Normative Theory in International Relations: A Pragmatic Approach

Normative Theory in International Relations: A Pragmatic Approach

Normative Theory in International Relations: A Pragmatic Approach

Normative Theory in International Relations: A Pragmatic Approach

Synopsis

Molly Cochran offers an account of the development of normative theory in international relations over the past two decades. In particular, she analyzes the tensions between cosmopolitan and communitarian approaches to international ethics, paying attention to differences in their treatments of a concept of the person, the moral standing of states and the scope of moral arguments. The book draws connections between this debate and the tension between foundationalist and antifoundationalist thinking and offers an argument for a pragmatic approach to international ethics.

Excerpt

Normative theory in International Relations (IR), as it is discussed at present in the framework of the cosmopolitan/communitarian debate, is at a standstill. Cosmopolitan and communitarian positions are generally assumed to be irreconcilable, with no means available for reaching conclusions. This book pursues three lines of inquiry in relation to this debate. First, it aims to examine the nature and extent of the impasse within the cosmopolitan/communitarian debate. Secondly, it re-evaluates whether the cosmopolitan/communitarian dichotomy offers a complete picture of the most pressing issues at stake within normative IR theory. The book suggests that a shift in focus onto epistemology and questions of foundationalism and antifoundationalism is necessary. Thirdly, it constructs an argument for a new normative approach to international ethics which draws from the tradition of American pragmatism and is attentive to the wider concerns raised by the book's assessment of the cosmopolitan/communitarian debate. The three parts of the book take each of these lines of inquiry in turn.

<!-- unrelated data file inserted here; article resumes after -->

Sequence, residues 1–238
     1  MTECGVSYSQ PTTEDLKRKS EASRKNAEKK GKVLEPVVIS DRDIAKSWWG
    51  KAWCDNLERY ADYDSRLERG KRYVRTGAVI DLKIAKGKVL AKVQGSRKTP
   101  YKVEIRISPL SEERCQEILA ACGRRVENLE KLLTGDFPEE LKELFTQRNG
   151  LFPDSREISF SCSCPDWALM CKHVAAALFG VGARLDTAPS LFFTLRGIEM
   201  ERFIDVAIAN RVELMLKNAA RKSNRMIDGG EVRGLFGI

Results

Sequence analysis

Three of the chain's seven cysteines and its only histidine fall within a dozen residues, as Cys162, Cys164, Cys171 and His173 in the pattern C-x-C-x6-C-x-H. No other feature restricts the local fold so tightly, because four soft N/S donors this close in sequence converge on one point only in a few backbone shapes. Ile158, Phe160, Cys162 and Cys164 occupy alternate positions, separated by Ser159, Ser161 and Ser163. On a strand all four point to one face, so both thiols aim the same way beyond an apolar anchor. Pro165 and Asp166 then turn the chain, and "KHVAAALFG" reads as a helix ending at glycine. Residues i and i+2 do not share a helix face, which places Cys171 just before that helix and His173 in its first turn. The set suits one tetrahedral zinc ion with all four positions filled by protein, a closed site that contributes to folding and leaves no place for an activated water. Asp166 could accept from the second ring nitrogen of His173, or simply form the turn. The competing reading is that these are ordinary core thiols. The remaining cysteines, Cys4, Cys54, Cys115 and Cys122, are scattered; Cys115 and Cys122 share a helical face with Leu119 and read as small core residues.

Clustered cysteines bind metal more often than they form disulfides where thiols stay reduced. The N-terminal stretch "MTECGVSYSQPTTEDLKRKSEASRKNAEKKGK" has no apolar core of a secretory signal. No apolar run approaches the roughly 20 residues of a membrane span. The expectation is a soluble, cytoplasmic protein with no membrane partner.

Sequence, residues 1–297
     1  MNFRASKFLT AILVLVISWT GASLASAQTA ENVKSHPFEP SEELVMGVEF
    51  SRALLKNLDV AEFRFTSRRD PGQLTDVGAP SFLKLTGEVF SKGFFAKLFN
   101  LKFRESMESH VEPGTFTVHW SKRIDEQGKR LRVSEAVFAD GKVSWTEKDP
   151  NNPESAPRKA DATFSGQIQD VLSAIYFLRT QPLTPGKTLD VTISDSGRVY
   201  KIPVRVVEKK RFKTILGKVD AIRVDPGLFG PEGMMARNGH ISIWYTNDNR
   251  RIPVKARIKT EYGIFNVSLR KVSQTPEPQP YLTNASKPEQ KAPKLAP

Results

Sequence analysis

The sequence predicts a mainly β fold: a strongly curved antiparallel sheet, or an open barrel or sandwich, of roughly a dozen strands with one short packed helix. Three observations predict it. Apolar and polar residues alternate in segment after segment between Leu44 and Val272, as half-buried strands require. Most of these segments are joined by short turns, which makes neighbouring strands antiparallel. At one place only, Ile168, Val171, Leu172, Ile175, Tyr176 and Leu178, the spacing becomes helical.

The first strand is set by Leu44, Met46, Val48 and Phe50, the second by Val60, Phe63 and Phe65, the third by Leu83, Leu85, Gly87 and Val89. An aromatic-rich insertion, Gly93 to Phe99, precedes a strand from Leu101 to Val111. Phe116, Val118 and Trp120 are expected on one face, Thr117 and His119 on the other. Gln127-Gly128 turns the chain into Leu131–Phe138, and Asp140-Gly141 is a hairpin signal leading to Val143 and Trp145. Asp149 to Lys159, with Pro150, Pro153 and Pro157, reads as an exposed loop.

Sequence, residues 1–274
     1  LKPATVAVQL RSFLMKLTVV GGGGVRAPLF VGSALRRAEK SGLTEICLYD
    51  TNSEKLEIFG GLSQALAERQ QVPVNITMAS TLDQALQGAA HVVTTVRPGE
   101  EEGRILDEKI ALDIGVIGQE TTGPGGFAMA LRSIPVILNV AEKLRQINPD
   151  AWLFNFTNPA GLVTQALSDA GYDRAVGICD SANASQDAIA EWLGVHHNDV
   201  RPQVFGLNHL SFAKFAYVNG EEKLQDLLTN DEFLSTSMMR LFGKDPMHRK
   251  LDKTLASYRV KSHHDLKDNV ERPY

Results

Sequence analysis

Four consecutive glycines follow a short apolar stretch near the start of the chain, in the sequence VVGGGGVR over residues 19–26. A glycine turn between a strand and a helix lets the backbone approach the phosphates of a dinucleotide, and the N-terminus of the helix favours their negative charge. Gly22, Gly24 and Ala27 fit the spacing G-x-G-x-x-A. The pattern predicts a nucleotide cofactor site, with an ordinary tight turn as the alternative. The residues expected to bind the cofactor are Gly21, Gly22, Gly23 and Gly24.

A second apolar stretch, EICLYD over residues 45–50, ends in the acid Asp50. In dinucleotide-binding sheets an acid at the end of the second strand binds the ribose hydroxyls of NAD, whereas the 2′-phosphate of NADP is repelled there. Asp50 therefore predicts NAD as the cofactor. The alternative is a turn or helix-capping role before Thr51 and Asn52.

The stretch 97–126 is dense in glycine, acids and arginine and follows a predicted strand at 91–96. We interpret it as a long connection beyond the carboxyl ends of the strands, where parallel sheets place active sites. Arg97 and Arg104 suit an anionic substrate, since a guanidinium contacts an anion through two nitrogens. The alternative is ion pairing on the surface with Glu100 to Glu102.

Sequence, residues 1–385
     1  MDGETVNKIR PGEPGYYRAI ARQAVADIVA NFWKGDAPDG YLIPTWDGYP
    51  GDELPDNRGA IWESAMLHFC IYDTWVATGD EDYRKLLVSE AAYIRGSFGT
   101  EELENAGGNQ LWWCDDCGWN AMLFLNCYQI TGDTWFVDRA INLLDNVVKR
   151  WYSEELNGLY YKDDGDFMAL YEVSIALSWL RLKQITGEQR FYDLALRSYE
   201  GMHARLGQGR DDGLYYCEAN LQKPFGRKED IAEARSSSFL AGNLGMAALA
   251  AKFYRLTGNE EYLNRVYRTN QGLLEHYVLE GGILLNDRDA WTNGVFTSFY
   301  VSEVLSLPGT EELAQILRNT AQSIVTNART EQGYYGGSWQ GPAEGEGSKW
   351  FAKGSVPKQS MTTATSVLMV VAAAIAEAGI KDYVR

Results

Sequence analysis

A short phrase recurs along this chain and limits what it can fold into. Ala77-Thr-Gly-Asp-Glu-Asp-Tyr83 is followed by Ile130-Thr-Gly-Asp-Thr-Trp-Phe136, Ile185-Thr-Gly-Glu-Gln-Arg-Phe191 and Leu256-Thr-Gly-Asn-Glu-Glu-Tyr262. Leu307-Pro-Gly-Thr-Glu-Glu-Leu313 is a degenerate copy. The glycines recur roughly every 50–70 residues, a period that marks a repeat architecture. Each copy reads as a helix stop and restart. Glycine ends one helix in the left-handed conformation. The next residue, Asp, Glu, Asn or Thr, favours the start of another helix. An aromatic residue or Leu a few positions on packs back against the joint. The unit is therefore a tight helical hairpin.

In order to illuminate the nature of the debate between cosmopolitans and communitarians and the extent of its impasse, the Introduction proposes a formulation of three central issues as an analytical tool. These issues are: (1) a concept of the person; (2) the moral relevance of states; and (3) the universal versus the particular. The extent of the impasse is gauged by the degree to which accommodations can be reached on any or all of these three issues. Also, an 'anchor analogy' is drawn in the Introduction that is used throughout the book to facilitate discussion of epistemological issues in normative IR theory. This analogy illustrates the foundational claims implicit or explicit in the work of the writers discussed.

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